Michael Salcman

The Rokeby Venus

She turns her back on us.

Not merely a metaphor

but a woman Velazquez knew,

with the same long curve

to the line of her back that you

have, ending in dimples paired at the spine,

where her flesh is smooth and pink as pearls dissolved

in milk.

No imaginary madrilena,

but the mistress of a marquis, Gaspar de Haro,

who mounted her portrait

on the ceiling of his secret room in Madrid,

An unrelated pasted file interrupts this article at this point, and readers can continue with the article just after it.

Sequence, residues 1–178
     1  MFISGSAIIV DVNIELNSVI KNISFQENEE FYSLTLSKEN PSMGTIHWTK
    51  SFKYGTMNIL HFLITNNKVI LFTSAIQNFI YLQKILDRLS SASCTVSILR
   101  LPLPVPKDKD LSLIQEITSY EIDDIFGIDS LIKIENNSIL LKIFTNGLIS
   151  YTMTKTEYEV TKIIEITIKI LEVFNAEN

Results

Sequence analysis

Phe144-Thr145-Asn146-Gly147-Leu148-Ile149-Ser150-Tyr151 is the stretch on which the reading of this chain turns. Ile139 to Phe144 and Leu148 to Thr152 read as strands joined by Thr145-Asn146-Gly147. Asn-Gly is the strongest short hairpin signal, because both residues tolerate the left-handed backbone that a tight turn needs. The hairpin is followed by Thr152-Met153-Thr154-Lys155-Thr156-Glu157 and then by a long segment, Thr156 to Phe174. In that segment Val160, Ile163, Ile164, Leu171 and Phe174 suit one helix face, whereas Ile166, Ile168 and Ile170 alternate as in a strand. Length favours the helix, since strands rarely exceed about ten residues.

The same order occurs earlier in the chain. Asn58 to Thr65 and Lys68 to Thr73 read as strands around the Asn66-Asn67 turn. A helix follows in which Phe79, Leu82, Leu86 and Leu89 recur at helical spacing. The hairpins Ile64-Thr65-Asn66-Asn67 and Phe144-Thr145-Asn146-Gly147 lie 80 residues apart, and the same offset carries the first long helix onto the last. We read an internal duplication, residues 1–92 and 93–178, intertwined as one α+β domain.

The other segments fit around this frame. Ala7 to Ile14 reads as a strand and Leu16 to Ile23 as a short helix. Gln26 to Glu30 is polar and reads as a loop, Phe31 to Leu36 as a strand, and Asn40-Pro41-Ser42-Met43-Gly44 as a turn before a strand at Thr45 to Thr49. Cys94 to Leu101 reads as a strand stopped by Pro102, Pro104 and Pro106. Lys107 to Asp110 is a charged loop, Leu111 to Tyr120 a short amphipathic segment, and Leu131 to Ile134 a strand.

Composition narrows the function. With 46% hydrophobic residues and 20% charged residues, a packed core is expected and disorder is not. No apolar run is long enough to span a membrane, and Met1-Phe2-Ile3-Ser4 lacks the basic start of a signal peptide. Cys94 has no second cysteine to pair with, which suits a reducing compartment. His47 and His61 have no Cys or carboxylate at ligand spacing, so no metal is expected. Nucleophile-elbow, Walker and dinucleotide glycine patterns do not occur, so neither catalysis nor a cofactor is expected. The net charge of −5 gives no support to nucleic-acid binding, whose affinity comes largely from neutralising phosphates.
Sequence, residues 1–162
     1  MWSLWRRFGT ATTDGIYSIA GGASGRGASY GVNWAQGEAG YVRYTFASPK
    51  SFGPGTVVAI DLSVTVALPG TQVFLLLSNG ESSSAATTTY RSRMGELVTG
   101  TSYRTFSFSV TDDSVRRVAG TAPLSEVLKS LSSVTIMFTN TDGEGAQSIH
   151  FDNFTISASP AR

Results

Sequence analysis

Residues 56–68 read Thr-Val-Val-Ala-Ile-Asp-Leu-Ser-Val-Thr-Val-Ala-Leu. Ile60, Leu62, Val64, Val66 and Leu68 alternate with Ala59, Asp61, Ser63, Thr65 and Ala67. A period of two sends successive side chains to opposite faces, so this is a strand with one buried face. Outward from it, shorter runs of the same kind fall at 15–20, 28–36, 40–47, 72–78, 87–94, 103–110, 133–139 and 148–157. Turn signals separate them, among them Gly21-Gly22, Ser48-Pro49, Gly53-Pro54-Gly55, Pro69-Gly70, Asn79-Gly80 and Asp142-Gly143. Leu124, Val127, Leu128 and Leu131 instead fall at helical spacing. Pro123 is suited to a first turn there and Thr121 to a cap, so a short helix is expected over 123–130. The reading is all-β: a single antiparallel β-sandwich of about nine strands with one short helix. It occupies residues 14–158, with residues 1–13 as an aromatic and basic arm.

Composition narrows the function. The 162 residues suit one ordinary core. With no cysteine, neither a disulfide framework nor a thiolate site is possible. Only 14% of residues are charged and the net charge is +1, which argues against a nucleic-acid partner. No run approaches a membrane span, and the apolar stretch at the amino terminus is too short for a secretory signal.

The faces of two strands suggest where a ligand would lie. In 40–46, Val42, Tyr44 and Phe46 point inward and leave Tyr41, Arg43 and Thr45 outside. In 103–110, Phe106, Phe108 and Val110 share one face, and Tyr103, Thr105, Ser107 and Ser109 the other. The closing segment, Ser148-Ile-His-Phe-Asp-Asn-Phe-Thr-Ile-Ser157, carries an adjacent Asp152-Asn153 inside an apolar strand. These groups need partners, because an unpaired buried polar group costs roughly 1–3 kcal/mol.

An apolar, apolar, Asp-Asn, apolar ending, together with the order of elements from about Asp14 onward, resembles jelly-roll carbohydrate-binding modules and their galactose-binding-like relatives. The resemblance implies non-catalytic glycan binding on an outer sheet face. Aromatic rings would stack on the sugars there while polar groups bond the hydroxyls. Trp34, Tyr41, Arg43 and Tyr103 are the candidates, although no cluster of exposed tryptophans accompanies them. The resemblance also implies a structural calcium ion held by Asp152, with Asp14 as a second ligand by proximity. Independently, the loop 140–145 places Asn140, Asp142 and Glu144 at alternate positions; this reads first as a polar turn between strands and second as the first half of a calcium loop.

her face blurred in the mirror

held by a perfect cherub,

so that his wife

would not know her name and could not see.

Why also turn away?

Was it shame or a debt she felt

the old man was owed or had she guessed

what held the gaze of her painter?

Like him, I almost can’t bear to breathe

before this great medallion of creamy flesh,

before this woman who called to him

even as he nailed her to the canvas.

Did he rationalize what he couldn’t deny

and that is why he painted her

from behind, turning her back just in time

as if to say goodbye?